“Grateful, thankful, overwhelmed”: Brown wins SGB presidency

Hannah Heisler | Staff Photographer

By Brian Gentry and Emily Wolfe

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Zechariah Brown will serve as president of Pitt’s Student Government Board during the 2019-20 school year, after winning 62 percent of the vote against Albert Tanjaya Tuesday.

Brown said he felt “grateful and thankful and overwhelmed” when Katie McLaughlin, chair of SGB’s Elections Committee, read the results at SGB’s Tuesday night meeting.

“I felt like this was so incredibly close. I didn’t know how it was going to go until I heard a name,” Brown said.

In total, 3,394 students, or about 18 percent of the undergraduate student body, voted in today’s election — nearly identical to last year’s total of 3,481, but a sharp decrease from 2017’s total of 5,177.

Brown, who ran on the Impact Slate, focused on expanding accessibility to SGB through new events titled “Bonding with the Board” during his campaign. He is also interested in continuing and advancing Pitt’s alcohol amnesty policy. He will be joined on the board by fellow slate members Caroline Unger, Scott Glaser and Ashima Agarwal.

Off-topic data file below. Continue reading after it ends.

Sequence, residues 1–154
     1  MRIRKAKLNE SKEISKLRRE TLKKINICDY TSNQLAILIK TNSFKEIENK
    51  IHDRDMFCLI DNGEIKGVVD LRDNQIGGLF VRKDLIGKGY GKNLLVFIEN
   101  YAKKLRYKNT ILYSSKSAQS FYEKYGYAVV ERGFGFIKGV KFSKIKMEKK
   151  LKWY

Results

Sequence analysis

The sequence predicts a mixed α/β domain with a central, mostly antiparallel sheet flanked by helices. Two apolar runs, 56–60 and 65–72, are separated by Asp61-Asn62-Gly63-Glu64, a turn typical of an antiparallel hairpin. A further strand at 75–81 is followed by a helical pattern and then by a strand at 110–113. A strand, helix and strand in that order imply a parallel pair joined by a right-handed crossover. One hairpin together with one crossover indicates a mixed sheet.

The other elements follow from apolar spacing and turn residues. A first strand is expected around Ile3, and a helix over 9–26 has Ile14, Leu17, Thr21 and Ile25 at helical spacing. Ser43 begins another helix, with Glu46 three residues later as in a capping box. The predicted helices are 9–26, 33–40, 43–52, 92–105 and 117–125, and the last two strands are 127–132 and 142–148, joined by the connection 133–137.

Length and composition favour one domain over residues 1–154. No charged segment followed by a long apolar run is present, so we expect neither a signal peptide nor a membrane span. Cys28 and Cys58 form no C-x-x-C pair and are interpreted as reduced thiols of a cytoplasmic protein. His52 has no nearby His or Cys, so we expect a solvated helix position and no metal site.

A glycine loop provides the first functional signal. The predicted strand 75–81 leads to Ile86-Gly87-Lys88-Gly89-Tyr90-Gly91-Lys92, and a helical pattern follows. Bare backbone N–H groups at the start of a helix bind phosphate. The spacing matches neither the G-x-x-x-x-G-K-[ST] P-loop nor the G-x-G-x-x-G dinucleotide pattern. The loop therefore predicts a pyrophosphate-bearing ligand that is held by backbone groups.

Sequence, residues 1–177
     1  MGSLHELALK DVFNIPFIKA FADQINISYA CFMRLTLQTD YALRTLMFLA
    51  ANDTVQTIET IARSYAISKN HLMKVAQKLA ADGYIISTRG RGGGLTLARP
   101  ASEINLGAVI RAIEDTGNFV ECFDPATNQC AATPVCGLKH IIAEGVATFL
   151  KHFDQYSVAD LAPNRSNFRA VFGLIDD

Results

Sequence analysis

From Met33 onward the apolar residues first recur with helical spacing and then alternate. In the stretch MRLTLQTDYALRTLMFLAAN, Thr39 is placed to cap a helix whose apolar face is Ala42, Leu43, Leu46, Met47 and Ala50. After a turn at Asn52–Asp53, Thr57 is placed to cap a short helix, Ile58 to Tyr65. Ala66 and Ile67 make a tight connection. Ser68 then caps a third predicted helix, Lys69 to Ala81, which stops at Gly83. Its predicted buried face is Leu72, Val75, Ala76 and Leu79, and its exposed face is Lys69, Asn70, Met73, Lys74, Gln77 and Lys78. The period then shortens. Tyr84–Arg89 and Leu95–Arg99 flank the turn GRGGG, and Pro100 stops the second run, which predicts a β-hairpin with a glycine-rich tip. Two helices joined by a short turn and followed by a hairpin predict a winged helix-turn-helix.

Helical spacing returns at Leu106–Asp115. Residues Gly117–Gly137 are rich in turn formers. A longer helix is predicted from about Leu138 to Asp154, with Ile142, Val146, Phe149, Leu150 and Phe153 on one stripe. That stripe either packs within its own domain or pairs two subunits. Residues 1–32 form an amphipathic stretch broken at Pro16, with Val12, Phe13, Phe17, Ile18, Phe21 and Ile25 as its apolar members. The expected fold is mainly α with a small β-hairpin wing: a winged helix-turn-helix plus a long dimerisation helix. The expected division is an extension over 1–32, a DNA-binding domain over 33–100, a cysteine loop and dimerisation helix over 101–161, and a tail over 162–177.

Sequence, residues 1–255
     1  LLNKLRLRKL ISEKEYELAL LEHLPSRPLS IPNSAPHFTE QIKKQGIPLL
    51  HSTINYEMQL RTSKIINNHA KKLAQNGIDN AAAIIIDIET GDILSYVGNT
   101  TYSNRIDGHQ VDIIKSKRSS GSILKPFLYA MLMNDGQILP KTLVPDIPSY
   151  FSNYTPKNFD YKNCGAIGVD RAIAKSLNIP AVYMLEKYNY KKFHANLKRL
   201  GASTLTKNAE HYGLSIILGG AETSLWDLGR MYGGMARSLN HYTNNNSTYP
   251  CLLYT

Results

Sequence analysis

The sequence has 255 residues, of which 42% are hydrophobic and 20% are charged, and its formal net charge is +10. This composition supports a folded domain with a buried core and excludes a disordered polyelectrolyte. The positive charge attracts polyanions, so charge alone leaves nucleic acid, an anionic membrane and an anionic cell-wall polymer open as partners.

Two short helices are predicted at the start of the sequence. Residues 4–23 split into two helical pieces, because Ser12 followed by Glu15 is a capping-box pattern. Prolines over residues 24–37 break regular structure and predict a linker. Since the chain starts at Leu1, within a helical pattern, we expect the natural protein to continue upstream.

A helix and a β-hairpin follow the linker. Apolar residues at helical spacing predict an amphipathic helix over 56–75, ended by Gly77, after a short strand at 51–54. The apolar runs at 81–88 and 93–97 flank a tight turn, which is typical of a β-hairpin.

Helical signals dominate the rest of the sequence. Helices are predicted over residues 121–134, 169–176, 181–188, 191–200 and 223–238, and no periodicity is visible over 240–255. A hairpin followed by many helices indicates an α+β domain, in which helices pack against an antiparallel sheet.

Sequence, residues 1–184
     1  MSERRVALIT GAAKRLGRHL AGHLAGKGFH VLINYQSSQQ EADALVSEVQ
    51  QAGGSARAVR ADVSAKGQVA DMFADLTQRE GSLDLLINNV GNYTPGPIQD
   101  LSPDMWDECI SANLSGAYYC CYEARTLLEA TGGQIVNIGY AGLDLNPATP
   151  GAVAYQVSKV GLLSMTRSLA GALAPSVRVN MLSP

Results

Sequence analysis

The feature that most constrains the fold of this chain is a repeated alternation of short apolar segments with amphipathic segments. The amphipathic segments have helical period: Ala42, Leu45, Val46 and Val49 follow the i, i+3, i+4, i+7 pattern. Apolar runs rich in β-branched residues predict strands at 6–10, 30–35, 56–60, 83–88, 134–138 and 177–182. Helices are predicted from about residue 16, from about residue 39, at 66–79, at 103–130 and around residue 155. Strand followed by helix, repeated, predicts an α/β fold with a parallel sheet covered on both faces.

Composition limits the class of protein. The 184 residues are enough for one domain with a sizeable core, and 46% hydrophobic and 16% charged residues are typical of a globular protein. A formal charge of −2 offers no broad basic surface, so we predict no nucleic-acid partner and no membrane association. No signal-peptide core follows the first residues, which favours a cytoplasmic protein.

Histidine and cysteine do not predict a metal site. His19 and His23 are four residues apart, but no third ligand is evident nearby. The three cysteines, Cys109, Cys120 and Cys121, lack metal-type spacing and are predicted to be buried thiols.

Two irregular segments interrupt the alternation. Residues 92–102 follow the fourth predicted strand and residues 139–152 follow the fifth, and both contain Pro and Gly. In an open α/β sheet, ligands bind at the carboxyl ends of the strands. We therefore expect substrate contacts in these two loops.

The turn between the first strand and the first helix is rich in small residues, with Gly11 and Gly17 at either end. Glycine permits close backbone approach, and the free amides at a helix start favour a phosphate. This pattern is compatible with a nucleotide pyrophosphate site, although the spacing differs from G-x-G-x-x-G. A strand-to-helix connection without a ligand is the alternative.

Anaïs Peterson, Victoria Tappan and Eric Macadangdang from the Frontier Slate — the only other slate to field a presidential candidate — will join the board as well, along with Lynn Dang and Cedric Humphrey of the 19Forward Slate.

Neither Sean Steinle, who ran with Dang and Humphrey, or individual candidate Aman Reddy won enough votes to secure places on the board.

Each year, the board candidate who receives the most votes receives the title of executive vice president, a position held this year by Jahari Mercer. However, Peterson and Unger both received more votes than any other board candidate, at 1,154 each, so the position will remain unfilled until the current board and incoming board convene to nominate an executive vice president in a yet-to-be-determined process.

“When she said it, I thought, ‘What are the odds?’’’ Unger said. “That’s never happened before.”